When westerners think of Chinese martial arts, the term kung fu generally comes to mind. The word kung fu is a compound of (gōng) meaning work and (fū) merit, and refers to any skill that is acquired through learning or practice. Kung fu is often misunderstood by outsiders to be a single fighting style. In reality, it is made of several hundred styles or schools, and legend has it one of them was founded by a woman.
Ng Mui was born in a noble household in China in the seventeenth century and her life is a mixture of fact and legend. In some stories she is the daughter of a general in the Ming imperial court, in others a princess, but because of wealth and family influence, she had access to an extensive education and the best kung fu teachers of the time. In her younger years, Ng Mui mastered several Shaolin martial arts and even developed a new training regimen on upturned logs to develop balance and leg strength, a practice she later incorporated into her own fighting style.
Her transformation into a warrior woman began in a bloody coup. The Manchus defeated the Ming dynasty and took over the rule of China. Ng Mui parents, fervent supporters of the Ming, were killed. Fortunately, she was away from home when the purge started. She escaped to Kwangsi Province and took refuge in the White Crane Temple. Due to the Shaolin’s support for the Ming, the monks and nuns faced great danger, so had to remain on alert for attacks.
Ng Mui became a Buddhist nun. Although highly proficient in the existing styles of kung fu, she felt it was possible to devise a more effective fighting method which didn’t rely on brute strength or require years to master. Her story has several versions, but the one I like says one day she watched a fight between a stork and a snake. The stork used its wings and legs to deflect and counter-attack at the same time. Inspiration struck Ng Mui. She adapted the technique to create a unique new martial art that emphasized a delicate but natural self-defense style and transcended size, weight and gender. The movements required little force to block and could strike effectively and efficiently.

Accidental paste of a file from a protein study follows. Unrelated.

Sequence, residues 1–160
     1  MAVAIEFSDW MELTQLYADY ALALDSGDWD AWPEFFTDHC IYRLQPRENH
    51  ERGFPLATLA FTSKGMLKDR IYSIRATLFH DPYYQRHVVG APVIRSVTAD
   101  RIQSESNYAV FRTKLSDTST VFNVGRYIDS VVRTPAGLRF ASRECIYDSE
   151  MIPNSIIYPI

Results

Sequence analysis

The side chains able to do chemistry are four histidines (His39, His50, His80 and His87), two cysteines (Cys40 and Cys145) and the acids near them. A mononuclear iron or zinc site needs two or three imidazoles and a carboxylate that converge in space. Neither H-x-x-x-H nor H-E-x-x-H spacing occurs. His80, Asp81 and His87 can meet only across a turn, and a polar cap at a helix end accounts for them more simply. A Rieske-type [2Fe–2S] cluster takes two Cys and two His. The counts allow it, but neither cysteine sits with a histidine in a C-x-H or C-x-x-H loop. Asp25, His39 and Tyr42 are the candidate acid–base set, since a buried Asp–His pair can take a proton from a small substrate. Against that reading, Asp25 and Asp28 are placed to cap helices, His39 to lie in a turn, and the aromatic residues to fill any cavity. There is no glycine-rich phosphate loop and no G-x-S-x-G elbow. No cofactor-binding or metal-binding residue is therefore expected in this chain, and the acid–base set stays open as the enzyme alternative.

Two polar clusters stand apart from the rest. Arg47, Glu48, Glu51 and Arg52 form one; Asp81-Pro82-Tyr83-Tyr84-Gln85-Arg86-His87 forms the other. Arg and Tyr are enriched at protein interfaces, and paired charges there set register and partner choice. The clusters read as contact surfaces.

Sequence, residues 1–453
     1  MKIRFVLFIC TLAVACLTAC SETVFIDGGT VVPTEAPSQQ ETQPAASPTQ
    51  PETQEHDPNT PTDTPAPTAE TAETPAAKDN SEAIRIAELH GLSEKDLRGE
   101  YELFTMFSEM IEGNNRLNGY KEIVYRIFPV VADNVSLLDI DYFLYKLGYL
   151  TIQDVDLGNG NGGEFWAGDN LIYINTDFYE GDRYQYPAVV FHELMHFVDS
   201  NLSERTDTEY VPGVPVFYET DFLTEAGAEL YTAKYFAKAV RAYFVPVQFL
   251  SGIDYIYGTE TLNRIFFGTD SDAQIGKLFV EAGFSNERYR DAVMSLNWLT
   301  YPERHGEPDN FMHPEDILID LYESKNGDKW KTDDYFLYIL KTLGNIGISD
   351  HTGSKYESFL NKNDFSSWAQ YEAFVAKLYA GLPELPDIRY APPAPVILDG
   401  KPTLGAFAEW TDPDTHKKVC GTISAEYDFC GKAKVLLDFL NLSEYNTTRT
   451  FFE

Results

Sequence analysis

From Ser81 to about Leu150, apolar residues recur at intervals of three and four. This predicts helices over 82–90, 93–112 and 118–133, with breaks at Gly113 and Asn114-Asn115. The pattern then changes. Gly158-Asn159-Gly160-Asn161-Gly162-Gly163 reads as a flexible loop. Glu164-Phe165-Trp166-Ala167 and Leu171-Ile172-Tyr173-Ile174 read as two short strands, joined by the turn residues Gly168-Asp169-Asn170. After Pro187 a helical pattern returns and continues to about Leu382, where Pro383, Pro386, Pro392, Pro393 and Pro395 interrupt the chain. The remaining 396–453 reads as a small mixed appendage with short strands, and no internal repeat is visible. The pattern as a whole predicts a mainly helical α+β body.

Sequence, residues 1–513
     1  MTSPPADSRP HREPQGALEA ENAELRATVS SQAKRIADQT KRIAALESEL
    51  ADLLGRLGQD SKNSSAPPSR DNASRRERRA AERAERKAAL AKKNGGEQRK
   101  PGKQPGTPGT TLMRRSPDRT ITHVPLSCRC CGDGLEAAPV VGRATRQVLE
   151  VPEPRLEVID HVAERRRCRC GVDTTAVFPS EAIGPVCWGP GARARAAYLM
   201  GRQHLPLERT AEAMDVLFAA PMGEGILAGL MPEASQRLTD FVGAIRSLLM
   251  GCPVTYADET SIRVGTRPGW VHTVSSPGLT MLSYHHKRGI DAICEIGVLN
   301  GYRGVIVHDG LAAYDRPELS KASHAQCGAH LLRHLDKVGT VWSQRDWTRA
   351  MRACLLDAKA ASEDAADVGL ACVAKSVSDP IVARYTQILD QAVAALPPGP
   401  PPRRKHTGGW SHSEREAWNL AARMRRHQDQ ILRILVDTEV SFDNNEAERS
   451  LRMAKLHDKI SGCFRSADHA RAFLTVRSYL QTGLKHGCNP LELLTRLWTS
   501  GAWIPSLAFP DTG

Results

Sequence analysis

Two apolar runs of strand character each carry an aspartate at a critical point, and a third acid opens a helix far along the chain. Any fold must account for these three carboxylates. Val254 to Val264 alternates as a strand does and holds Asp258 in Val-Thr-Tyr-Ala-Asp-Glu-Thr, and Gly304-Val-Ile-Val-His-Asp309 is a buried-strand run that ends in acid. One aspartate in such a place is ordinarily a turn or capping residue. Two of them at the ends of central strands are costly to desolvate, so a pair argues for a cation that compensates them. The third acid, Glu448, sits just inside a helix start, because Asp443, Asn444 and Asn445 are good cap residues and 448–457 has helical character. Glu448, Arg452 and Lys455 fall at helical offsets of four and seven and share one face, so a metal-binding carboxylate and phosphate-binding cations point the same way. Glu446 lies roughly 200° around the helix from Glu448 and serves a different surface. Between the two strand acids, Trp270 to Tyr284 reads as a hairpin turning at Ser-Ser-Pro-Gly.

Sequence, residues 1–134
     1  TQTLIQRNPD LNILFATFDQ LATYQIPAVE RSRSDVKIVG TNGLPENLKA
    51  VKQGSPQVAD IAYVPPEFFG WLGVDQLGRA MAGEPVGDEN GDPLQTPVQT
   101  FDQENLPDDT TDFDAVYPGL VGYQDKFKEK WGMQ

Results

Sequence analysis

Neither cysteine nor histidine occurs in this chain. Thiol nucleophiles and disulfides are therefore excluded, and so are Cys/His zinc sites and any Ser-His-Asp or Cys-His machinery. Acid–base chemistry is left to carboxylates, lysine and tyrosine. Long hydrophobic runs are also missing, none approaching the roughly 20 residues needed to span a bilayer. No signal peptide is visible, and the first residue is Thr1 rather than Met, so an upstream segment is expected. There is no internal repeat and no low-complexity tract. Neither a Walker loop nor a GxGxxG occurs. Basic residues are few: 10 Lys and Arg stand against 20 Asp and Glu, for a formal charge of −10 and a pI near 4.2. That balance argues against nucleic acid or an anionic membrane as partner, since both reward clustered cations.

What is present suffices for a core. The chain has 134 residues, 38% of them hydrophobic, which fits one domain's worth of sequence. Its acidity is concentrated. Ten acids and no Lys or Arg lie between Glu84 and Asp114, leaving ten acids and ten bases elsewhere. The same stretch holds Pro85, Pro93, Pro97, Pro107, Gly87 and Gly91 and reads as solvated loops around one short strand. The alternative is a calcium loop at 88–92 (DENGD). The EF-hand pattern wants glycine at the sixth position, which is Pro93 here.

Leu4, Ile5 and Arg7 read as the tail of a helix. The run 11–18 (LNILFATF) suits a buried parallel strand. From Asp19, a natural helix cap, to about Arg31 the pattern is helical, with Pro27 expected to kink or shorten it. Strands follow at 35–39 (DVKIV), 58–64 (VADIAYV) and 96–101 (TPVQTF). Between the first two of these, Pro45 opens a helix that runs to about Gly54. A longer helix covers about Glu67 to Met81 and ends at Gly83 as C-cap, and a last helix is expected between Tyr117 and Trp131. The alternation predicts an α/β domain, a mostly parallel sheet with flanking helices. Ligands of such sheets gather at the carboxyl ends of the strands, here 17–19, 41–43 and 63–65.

At first, her new technique had no name. Then Ng Mui met a beautiful young girl named Yim Wing Chun. Her fiancé was away fighting with a rebel force and a bandit warlord tried to force her into marriage. She refused and he threatened her and her family. Yim Wing Chun feared she’d have to yield to his desires, but Ng Mui convinced the girl to give her six months for training. By the end of six months she mastered the new art of self-defense and then challenged the warlord to combat. She defeated him. Her fiancé returned and was impressed with her new skill. She bested him, too, and he begged her to teach him the fighting style. He named it Wing Chun in her honor. It translates as “everlasting springtime” which sounds pretty soft for one tough cookie.
Ng Mui became one of the Five Elders of the Shaolin Temple, the most respected marital artists of the 1700s. Because of the Shaolins’ support of the previous Ming dynasty, the Manchu eventually attacked and destroyed the temple. The elders escaped and scattered in different directions. Ng Mui and her followers supposedly went into hiding in the Himalayan foothills where she became part of a rebel force and continued to teach kung fu.
Wing Chun was reintroduced in the twentieth century by Grandmaster Ip Man, regarded as the greatest and most insightful teacher of Wing Chun. He moved to Hong Kong in 1948 and became the first master to teach the fighting style to the general public and spread the popularity of Wing Chun around the world today.
L. A. Kelley writes science fiction and fantasy with humor, romance and a touch of sass. She also finds your lack of Wing Chun disturbing.